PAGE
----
Author: Laura J. Burns and Melinda Metz
Genre: Young Adult // Mystery // Thriller
Publisher: St. Martin's Press
Publication Date: January 19, 2016
In this genre-bending YA thriller, will Sarah Merson's shiny new prep school change her life forever or bring it to a dark and sinister end?
When Sarah Merson receives the opportunity of a lifetime to attend the most elite prep school in the country-Sanctuary Bay Academy-it seems almost too good to be true. But, after years of bouncing from foster home to foster home, escaping to its tranquil setting, nestled deep in Swans Island, couldn't sound more appealing. Swiftly thrown into a world of privilege and secrets, Sarah quickly realizes finding herself noticed by class charmer, Nate, as well as her roommate's dangerously attentive boyfriend, Ethan, are the least of her worries. When her roommate suddenly goes missing, she finds herself in a race against time, not only to find her, but to save herself and discover the dark truth behind Sanctuary Bay's glossy reputation.
In this genre-bending YA thriller, Sanctuary Bay by Laura J. Burns and Melinda Metz, Sarah's new school may seem like an idyllic temple of learning, but as she unearths years of terrifying history and manipulation, she discovers this "school" is something much more sinister (goodreads).
If I had to sum Sanctuary Bay up in one word, it would be "silly."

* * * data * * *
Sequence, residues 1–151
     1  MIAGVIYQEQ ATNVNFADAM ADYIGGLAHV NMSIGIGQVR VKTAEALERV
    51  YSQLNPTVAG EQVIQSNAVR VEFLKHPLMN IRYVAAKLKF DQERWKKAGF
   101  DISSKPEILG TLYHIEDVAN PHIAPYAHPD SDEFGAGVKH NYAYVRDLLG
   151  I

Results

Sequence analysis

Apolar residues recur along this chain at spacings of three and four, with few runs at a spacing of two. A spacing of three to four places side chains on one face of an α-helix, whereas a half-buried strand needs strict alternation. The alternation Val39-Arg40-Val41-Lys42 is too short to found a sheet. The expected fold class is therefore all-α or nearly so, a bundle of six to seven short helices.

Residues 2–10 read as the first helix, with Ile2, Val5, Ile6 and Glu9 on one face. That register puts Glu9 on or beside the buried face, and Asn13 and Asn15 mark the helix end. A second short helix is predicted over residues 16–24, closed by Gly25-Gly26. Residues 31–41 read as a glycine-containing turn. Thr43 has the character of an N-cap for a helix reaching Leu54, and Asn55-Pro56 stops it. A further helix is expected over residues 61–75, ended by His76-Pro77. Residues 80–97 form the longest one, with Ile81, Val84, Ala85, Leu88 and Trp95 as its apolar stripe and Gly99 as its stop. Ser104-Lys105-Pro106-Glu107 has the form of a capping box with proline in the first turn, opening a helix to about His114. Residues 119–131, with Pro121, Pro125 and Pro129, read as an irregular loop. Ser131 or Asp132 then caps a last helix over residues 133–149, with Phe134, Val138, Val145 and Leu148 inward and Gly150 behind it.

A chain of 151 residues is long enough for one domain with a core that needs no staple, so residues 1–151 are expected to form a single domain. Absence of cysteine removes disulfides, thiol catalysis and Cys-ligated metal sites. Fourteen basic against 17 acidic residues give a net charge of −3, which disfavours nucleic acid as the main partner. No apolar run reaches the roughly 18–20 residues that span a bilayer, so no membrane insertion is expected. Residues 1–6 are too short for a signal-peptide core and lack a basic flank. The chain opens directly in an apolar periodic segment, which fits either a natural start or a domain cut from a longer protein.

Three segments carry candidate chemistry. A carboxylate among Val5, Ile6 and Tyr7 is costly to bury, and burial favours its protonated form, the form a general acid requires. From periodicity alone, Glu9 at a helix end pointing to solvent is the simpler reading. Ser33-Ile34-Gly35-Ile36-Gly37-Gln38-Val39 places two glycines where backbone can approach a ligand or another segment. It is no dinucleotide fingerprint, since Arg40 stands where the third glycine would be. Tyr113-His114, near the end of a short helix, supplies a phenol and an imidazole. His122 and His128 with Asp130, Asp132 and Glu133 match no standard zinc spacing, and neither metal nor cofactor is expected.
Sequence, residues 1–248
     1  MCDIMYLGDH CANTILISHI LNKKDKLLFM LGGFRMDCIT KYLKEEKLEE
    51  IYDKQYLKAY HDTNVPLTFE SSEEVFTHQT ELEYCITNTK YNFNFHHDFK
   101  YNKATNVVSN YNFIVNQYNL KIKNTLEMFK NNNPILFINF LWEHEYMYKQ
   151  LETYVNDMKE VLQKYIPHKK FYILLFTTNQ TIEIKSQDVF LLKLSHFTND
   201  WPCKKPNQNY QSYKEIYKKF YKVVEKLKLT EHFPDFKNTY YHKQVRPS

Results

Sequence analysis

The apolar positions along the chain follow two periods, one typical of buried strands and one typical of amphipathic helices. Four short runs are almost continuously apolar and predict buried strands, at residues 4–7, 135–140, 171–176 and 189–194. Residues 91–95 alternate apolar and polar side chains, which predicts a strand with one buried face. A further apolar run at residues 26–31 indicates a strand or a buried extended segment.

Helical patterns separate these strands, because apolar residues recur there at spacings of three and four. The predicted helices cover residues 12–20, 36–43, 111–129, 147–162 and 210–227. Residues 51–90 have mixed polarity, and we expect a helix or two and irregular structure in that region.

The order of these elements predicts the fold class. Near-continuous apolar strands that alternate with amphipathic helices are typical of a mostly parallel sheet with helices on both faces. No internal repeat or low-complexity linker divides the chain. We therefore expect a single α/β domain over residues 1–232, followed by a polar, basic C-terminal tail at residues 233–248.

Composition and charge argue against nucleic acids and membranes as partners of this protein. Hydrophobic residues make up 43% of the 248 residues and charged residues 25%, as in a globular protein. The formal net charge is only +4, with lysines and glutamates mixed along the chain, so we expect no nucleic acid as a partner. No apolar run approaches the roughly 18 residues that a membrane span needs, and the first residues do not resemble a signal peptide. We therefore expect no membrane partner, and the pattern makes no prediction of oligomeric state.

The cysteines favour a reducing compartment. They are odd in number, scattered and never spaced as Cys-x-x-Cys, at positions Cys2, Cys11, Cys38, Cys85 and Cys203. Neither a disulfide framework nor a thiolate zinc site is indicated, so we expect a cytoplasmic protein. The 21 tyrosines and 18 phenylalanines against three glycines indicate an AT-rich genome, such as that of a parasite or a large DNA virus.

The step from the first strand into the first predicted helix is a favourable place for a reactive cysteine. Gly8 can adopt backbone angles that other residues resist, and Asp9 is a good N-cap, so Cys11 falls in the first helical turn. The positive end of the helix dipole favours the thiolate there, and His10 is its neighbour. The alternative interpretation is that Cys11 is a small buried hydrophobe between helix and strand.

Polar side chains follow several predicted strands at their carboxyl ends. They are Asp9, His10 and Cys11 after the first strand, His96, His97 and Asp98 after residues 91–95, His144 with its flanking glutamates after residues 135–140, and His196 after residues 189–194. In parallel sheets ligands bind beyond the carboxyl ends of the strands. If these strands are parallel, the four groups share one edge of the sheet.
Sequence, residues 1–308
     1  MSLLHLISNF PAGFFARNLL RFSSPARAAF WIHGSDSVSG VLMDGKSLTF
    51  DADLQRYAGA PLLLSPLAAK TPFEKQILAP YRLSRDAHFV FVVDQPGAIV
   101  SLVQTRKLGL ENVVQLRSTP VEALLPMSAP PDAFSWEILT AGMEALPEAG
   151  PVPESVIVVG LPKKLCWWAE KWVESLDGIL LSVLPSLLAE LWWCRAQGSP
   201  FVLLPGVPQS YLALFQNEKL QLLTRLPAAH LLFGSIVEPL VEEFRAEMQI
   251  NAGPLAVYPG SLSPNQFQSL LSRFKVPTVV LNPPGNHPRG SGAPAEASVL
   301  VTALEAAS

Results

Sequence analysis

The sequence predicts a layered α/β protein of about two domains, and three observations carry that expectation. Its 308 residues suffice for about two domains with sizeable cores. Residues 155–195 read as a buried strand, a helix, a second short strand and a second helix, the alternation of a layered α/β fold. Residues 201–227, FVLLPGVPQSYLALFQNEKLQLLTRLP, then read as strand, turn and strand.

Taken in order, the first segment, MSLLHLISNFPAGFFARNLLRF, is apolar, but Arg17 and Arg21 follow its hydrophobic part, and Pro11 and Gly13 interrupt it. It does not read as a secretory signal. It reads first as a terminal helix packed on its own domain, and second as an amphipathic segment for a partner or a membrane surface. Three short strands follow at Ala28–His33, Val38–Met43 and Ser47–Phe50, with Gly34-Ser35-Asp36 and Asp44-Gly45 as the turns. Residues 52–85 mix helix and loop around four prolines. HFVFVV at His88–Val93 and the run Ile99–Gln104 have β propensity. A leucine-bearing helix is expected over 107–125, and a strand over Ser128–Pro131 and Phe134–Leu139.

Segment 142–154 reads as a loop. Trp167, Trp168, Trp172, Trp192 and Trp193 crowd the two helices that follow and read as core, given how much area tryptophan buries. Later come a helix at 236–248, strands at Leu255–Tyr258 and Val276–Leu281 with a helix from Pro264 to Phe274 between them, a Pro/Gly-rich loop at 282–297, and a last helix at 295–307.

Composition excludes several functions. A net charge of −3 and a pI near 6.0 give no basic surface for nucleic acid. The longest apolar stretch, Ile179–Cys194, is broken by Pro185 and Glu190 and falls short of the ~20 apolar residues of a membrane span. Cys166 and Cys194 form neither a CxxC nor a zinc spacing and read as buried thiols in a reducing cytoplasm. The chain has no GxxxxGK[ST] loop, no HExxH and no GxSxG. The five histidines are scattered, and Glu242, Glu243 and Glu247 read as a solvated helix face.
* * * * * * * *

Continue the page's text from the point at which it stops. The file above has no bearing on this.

Plot: Sanctuary Bay is the name of a very elite school that is just a bit strange. For example, no one can leave until graduation - that includes staff, and there just so happens to be a POW camp from World War II and asylum on the same island as the school. On top of that, there is a weird secret club and rumors of ghosts. It sounds like a great time, but it took physical effort for me to finish this one. There is just so much that happens and nothing sounds plausible. It reads like a very corny TV show in which there is an entire monologue to explain the sinister activity taking place on the island and there are secret clubs that desire human sacrifices and blood but yet dare new initiates to kiss a boy. No, no, no, nothing makes sense and I no longer want it in my life.
Characters: I was really excited when I first opened Sanctuary Bay because we have a diverse cast of characters. Sarah, our main character, is biracial, her roommate is Indian, and a handful of characters are Hispanic. I found it very interesting that because Sarah is biracial, she had difficulty placing her own identity, so she made a point of classifying others by race when first introduced. The diversity is the only thing believable about this cast of characters; their dialogue feels forced and only necessary to move the plot along. These kids are opening up about their tortured pasts and they've only known the other person for four weeks.
There is some awkward love story that isn't touched on whatsoever throughout the novel. I firmly believe that it had no place in this novel but was just added so that it could complete the YA trifecta (misunderstood girl, creepy school, LURVE).
World Building: The dean of the school explains that the school believes in a total immersion program, so no one can move leave the island. There is some strange cell phone technology that will even give you the exact GPS location of students and faculty which I thought was...breaking several laws. There isn't a lot of space to work with given that Sarah and her friends can only move around this island, and even though there are asylums and POW camps, I felt that the creepy factor was missing from this one.
Short N Sweet: Sanctuary Bay sounds good in theory, but reads like a poor 90s TV show.